But now I’m not so convinced.
Want to know the name of the most famous cover band of all time? Their name was “Johnny and the Silver Beatles,” which quickly changed to just “The Silver Beatles,” who eventually became just…The Beatles. Yep, believe it or not the Fab Four started playing mostly covers. Lennon and McCartney started writing songs early in their career, but the majority of their early set lists and albums were filled with rehashed covers of popular songs.
When I realized this, I was a bit humbled about the whole “covering songs” idea. Like the Beatles, I think we can gain some things from covering songs:
• Covering songs helps you understand songwriting on a more comprehensive level. I recently played with a brilliant sax player, who said he transcribes several famous solos every week so he can understand the style of great jazz players better. I read an interview with Weezer’s Rivers Cuomo who claimed he did the same with Kurt Cobain’s songs. Learning or performing covers gives songwriters a small glimpse through the lens of a great writer. It’s like learning to draw by tracing first. When covering a hymn or a classic, songwriters can learn a lot about crafting lyrics, arranging, and chord structures.
• Learning covers can kick-start your creativity. Once I learned a new song every week by an artist I admired. My songwriting and chord vocabulary matured more in that six month period than any other. I learned new chords, alternate guitar tunings, and creative song structures. I started experimenting with them immediately- the new tools were like creative crack. The new chords led to still more chords and voicings, and new melodies followed soon after. Ironically, learning cover songs led to my most prolific songwriting streak to date.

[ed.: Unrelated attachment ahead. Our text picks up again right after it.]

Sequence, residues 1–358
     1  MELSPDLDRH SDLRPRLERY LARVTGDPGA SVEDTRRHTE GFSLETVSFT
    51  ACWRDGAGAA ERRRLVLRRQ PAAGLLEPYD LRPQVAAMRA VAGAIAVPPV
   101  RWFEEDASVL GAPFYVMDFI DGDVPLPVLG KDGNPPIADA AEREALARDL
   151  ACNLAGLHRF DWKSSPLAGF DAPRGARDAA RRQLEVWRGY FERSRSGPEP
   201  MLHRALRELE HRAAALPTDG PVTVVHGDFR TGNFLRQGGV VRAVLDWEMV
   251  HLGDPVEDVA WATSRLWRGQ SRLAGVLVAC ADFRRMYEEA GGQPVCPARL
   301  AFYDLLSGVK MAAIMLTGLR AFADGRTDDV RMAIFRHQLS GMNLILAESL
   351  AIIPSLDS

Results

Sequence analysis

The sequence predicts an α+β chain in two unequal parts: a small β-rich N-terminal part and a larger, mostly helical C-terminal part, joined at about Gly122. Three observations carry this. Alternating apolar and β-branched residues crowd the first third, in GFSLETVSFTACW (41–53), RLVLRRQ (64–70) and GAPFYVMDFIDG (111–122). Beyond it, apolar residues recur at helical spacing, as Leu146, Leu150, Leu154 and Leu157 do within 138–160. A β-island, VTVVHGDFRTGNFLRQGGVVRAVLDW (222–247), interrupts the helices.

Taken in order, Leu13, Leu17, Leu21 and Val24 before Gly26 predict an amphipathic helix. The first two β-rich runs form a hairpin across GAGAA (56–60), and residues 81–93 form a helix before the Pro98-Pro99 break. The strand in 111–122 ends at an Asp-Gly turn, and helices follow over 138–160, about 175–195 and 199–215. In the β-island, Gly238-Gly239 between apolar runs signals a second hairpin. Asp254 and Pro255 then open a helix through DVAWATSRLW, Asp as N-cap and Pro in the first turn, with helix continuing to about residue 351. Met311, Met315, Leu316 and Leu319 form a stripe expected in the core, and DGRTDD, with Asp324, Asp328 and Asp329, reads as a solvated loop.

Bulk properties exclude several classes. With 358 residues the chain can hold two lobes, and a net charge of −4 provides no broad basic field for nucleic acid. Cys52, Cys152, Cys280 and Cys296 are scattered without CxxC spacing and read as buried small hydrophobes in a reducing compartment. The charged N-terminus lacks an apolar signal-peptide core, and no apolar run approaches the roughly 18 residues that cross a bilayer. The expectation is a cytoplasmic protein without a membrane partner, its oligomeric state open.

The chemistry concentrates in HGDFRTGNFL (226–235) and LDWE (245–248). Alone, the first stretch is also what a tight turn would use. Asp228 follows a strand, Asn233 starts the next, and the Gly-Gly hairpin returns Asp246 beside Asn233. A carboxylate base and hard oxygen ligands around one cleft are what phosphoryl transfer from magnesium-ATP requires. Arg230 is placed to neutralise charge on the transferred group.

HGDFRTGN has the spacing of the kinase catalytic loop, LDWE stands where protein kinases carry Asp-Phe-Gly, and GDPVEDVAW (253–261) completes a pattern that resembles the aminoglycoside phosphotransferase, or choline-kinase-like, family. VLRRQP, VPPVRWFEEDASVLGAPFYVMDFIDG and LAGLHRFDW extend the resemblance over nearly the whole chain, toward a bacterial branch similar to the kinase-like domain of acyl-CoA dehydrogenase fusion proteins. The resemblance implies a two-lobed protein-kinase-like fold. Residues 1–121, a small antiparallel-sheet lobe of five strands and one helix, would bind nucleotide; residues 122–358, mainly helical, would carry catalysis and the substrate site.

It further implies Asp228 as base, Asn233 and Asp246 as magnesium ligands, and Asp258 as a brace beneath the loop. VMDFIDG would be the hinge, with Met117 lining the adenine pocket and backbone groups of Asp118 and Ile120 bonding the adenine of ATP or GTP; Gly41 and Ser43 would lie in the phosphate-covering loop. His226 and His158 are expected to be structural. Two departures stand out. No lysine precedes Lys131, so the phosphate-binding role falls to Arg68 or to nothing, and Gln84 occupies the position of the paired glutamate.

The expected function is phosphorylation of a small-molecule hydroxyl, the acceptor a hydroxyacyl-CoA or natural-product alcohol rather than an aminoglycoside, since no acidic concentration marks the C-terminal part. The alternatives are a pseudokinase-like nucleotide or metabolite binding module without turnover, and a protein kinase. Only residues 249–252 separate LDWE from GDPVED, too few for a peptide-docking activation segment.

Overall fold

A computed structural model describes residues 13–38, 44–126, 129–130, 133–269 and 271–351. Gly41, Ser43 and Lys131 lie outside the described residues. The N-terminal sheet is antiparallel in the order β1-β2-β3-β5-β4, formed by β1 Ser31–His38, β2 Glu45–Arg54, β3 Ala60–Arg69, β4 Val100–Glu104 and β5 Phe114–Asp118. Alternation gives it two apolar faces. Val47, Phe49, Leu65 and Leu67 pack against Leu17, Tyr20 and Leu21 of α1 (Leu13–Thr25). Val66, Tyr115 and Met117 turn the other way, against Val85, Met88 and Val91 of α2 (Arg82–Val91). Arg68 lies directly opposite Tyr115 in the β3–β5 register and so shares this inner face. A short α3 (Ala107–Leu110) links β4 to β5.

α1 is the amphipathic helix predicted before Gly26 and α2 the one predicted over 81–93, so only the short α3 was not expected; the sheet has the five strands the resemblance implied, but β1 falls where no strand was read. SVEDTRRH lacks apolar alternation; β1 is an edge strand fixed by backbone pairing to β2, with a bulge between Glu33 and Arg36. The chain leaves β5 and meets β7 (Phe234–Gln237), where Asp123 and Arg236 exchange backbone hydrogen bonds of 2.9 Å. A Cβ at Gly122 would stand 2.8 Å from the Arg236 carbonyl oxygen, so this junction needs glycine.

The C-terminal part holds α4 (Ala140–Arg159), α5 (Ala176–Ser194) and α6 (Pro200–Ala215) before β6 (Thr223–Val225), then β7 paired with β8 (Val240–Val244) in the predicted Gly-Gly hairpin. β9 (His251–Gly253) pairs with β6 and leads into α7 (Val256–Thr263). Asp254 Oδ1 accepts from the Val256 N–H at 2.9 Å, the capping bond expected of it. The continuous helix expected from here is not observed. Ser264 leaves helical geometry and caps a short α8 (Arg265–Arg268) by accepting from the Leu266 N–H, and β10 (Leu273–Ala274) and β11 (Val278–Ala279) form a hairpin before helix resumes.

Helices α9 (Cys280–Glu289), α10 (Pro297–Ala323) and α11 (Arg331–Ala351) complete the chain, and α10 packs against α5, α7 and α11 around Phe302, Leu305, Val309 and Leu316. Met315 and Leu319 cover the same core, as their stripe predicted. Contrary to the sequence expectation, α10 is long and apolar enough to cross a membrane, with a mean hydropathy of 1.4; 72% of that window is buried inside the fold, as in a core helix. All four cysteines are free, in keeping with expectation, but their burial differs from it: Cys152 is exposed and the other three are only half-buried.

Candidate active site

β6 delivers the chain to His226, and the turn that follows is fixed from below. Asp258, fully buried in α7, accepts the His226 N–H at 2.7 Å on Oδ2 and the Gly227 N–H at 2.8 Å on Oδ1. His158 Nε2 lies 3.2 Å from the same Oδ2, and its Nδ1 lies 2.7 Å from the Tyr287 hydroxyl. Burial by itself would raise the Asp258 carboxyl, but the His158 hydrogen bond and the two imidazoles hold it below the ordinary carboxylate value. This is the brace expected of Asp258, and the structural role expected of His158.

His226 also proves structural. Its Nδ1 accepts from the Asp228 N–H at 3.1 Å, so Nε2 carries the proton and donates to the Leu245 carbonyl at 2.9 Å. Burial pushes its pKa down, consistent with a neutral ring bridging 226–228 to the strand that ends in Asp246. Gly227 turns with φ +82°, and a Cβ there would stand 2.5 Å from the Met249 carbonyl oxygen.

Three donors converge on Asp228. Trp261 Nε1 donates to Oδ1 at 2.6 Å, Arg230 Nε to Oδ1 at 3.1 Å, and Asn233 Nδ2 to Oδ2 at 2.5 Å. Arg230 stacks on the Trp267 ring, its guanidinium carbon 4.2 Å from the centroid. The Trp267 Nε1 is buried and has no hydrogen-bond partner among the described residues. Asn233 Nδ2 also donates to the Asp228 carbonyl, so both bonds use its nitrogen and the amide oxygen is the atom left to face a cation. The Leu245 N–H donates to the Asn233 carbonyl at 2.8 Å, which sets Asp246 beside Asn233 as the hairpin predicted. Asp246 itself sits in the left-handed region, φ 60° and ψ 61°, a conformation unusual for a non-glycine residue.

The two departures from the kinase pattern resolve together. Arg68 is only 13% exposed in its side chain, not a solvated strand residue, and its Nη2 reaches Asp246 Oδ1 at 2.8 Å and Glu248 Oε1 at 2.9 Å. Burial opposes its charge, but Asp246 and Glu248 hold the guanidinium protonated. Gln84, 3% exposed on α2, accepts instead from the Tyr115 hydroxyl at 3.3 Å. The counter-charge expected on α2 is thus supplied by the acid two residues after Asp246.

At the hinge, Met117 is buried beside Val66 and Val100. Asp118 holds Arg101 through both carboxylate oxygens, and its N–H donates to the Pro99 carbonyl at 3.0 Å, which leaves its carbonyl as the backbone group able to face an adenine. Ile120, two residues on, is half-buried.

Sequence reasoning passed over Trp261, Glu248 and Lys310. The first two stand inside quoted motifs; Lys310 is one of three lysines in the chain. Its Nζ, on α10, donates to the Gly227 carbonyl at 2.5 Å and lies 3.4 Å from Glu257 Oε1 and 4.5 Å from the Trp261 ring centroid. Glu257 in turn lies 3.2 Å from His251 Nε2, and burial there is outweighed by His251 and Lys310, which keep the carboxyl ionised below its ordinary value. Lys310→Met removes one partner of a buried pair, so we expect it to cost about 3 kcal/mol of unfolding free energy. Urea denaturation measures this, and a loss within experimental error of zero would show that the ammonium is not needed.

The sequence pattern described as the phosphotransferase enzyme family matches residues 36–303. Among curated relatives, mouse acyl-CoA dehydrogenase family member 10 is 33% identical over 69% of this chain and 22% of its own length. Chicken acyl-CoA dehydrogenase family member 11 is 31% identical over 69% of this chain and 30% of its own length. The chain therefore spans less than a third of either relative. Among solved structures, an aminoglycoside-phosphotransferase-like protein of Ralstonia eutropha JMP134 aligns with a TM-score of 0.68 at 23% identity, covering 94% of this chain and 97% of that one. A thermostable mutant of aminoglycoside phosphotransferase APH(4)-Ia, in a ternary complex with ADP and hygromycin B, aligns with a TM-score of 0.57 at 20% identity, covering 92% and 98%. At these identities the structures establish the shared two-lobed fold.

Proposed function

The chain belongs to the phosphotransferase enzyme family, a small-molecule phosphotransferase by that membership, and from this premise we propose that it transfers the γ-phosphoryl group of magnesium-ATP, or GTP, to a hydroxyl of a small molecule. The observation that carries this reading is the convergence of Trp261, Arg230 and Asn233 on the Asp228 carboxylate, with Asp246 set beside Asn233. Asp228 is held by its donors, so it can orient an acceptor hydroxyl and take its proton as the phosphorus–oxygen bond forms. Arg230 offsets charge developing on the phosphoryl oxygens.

• Covering songs gives your audience a way to ease into your original material. I don’t know many people who will sit through an unknown songwriter’s set of all-original material. By nature people gravitate toward the familiar, and drift away from the unfamiliar. Face it- crowds are tough, especially when you are showcasing original material. But peppering in covers into your set helps people get down with the originals.
The Beatles’ first audiences were not adoring fans. They weren’t even serious music fans for that matter. The Beatles’ first long-standing gig was for a rowdy bar in Hamburg, Germany. They did hundreds of gigs in less than a year playing 8 hour sets every night. The ruffian crowds were restless and sometimes violent, and demanded to be entertained.